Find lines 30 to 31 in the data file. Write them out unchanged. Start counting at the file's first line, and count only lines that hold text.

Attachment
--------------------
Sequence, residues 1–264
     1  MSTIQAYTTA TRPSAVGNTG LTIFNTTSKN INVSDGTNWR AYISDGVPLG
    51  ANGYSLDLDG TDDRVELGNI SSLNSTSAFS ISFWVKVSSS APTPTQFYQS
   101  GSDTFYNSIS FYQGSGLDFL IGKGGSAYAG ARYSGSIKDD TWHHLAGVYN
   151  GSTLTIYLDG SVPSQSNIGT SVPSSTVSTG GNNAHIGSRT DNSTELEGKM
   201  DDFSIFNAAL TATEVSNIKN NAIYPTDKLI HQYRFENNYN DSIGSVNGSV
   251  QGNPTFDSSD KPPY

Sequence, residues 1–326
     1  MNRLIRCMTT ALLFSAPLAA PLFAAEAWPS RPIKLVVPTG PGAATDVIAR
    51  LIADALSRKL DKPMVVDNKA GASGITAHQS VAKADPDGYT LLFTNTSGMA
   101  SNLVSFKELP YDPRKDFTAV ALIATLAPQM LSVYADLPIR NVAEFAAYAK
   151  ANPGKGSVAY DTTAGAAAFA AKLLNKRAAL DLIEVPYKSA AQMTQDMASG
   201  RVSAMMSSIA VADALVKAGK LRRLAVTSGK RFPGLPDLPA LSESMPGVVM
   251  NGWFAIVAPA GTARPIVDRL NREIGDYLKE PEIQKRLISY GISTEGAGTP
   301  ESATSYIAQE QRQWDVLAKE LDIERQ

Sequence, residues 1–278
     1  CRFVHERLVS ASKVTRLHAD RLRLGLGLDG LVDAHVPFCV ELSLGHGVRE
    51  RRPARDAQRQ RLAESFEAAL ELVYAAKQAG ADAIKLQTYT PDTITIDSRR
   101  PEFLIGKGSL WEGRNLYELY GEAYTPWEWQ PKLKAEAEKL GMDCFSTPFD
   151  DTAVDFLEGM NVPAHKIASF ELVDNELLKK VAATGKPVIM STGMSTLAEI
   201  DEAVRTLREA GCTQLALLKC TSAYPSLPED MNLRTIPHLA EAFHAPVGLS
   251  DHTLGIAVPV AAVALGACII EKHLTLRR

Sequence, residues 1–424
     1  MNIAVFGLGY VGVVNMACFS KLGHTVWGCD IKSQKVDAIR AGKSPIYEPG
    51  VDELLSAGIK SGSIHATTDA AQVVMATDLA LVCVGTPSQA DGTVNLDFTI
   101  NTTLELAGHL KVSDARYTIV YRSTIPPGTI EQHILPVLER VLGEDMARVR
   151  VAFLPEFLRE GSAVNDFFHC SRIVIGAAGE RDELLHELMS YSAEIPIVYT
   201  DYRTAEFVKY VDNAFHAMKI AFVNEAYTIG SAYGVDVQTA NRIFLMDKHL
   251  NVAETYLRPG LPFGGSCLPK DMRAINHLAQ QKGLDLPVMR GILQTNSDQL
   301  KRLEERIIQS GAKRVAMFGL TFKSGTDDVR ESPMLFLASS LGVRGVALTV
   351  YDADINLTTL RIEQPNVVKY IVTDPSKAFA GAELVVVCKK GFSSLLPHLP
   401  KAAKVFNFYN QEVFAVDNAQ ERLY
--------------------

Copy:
   301  KRLEERIIQS GAKRVAMFGL TFKSGTDDVR ESPMLFLASS LGVRGVALTV
   351  YDADINLTTL RIEQPNVVKY IVTDPSKAFA GAELVVVCKK GFSSLLPHLP